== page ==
5 Tips to Help You Sublet Your Apartment this Summer

By Alicia Geigel on June 12, 2019

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With the summer quickly approaching, you may have certain circumstances that take you away from your current location, such as a summer job opportunity or the desire to travel. As a student with an apartment, either on or off campus, it can hard to figure out what to do when the summertime comes around. You don’t want to put opportunities or obligations on hold, but you also don’t want to spend unnecessary money on rent and utilities when you don’t have to.

Subletting your apartment over the summer can be a great option to not only help you save money but also give you the freedom to do what you like before the start of the school year in the fall. As with anything, subletting comes with its risks and benefits, so it’s important to know exactly what you’re getting into before you jump into it.

Are you currently a student living in an apartment? Is life taking you away from where you are at the moment? Considering subletting your apartment, but don’t know the ins and outs of doing so? Check out these five tips on subletting your apartment this summer that will give you a piece of mind that you’re making the right decision.

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What is Subletting? 

Subletting in simple terms is when you, the lessee, rent out part of your apartment (like a room) or the whole place to someone else to fulfill the obligations of your lease when you can’t or don’t want to live there temporarily.  Craig Berman of Sapling.com writes regarding subletting, “Done properly, this keeps you from paying rent for an unused space or forking over the penalty amount for breaking the lease early. It also might allow you to resume your rights to occupy the property once the sublease period end.”

Now that you know what it means to sublet, let’s dive into some tips on summer subletting that can make your life easier!

1. Evaluate the Risks: Before you jump right into subletting your apartment to a friend or potential stranger, it’s important to recognize and evaluate the risks of doing so. Subletting your apartment to someone has the potential to go well or go terrible, depending on your tenant. When subletting, you run the risk of being stolen from or even having your property damaged in certain ways. If this sounds something that you don’t like or perhaps cannot control, subletting may not be for you.

2. Keep Your Search Close, At First: Finding the right person to sublet your apartment to can be difficult, especially if you don’t know where to start your search. It is smart to begin your search among those who are closest to you first, rather than jumping onto Craigslist right away. Ask family, friends, classmates or acquaintances if they are interested or know anyone who is interested in renting a sublet for the summer. The right person may just be a text or phone call away!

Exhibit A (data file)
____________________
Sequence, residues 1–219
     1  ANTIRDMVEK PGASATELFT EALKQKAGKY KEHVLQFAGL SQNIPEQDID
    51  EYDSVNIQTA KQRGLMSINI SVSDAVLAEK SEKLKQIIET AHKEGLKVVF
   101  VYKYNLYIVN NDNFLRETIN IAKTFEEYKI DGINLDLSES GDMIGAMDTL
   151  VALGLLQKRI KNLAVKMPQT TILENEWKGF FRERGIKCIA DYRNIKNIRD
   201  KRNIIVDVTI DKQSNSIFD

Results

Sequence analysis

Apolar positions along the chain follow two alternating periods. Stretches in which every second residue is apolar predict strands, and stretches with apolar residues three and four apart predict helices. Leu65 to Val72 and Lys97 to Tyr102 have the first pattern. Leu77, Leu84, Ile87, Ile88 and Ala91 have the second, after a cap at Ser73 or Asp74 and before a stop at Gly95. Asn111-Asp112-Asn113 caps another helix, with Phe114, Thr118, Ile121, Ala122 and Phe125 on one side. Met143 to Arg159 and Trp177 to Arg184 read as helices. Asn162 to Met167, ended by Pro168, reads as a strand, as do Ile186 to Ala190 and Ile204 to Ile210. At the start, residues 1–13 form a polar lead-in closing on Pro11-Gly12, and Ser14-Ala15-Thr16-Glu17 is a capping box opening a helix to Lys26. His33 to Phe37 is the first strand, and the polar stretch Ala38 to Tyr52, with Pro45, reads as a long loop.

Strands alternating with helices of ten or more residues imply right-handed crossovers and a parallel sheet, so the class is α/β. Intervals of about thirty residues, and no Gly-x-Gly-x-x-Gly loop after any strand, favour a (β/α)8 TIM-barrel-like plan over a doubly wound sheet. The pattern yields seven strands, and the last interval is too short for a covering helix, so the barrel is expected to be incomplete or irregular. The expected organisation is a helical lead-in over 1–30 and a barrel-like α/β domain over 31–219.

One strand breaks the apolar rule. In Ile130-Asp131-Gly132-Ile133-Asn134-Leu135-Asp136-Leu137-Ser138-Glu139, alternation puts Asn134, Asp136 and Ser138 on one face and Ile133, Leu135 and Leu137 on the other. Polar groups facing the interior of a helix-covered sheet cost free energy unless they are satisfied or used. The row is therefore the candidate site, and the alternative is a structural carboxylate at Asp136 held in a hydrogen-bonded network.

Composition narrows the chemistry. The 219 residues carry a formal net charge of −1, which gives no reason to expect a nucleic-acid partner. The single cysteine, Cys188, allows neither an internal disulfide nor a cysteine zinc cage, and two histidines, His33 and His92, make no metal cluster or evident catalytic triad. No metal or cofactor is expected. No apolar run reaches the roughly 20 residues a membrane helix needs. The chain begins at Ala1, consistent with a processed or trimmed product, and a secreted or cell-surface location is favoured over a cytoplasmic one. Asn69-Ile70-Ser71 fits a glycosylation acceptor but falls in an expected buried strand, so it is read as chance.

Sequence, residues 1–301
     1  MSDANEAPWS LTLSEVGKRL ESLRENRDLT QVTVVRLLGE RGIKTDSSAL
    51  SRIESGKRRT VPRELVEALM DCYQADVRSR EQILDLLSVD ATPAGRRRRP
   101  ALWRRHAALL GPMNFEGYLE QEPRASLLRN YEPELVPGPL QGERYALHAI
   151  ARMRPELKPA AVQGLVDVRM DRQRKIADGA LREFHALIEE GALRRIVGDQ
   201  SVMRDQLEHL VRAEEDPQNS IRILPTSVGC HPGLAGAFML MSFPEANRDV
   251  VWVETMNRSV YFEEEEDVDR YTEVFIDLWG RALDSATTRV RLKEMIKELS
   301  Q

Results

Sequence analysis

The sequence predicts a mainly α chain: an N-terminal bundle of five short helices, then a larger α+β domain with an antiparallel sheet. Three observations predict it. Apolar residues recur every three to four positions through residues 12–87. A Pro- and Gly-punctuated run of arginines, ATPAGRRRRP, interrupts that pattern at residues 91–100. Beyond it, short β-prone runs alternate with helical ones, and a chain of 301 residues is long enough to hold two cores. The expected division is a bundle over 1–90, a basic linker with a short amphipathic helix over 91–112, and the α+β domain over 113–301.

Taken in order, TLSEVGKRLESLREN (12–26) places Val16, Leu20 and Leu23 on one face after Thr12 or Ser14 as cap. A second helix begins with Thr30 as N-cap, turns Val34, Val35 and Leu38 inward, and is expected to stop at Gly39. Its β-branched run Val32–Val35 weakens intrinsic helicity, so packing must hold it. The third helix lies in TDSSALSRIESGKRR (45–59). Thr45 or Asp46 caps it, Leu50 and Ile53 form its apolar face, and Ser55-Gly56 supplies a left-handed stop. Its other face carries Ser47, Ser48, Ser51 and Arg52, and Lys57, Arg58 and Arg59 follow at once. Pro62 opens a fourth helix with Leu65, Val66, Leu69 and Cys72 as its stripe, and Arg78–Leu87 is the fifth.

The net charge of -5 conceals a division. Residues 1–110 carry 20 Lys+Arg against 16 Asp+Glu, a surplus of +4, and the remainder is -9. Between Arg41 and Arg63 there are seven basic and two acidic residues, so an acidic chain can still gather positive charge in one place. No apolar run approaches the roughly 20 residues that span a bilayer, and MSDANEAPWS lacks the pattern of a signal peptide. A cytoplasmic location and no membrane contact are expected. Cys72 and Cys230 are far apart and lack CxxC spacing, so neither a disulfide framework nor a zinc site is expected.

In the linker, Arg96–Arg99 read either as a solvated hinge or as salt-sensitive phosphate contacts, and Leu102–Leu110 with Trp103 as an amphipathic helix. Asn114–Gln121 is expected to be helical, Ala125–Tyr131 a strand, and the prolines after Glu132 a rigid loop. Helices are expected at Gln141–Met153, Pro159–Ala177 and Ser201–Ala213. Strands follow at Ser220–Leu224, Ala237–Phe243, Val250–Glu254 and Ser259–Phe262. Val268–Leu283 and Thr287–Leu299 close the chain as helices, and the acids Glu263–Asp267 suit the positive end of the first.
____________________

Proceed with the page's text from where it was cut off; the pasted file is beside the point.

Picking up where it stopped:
3. Take on the Landlord Role: Just because you technically don’t claim the official title of “landlord” of your apartment, doesn’t mean that you can’t act like one when it comes to subletting-actually, you should! Laura Gaskill, a Houzz Contributor writes on Forbes, “Just because it’s a short-term rental situation doesn’t mean you shouldn’t be just as careful as a landlord looking for a long-term tenant. Ask for a security deposit, check references and get a signed rental agreement.”

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4. Get Before Pictures: 
Just like a landlord obtains before pictures before he or she rents out a property/unit to a tenant, you should prioritize getting before pictures of your apartment before your tenant moves in for the summer. Getting pictures gives you a crystal clear idea of what your place looked like before they moved in, which can make it easier to detect potential damages.

5. Keep in Touch: While you are gone, be sure to keep in touch with the person/people living in your apartment. It’s not only important but it’s also healthy to keep open communication with them! Additionally, have someone in the area available to check in once in a while or when the tenants may need your help.

Being a position where you sublet your apartment can be difficult at points because it requires taking on a lot of responsibility. Though some tenants can be difficult to deal with, most just want to be able to have a place of their own for a period of time, just like you want to be away for a period of time.

By subletting your apartment for the summer, you will be able to do what you want/need to during the summer, all while helping out someone who needs a place to call home for a couple months. It’s a win, win situation! Who knows, maybe based on this experience you’ll want to sublet in the future. As always, good luck!

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By Alicia Geigel

Uloop Writer
Temple alum | columnist at Uloop News | photographer | food blogger if you want to learn more about me, visit my profile and check out my articles!

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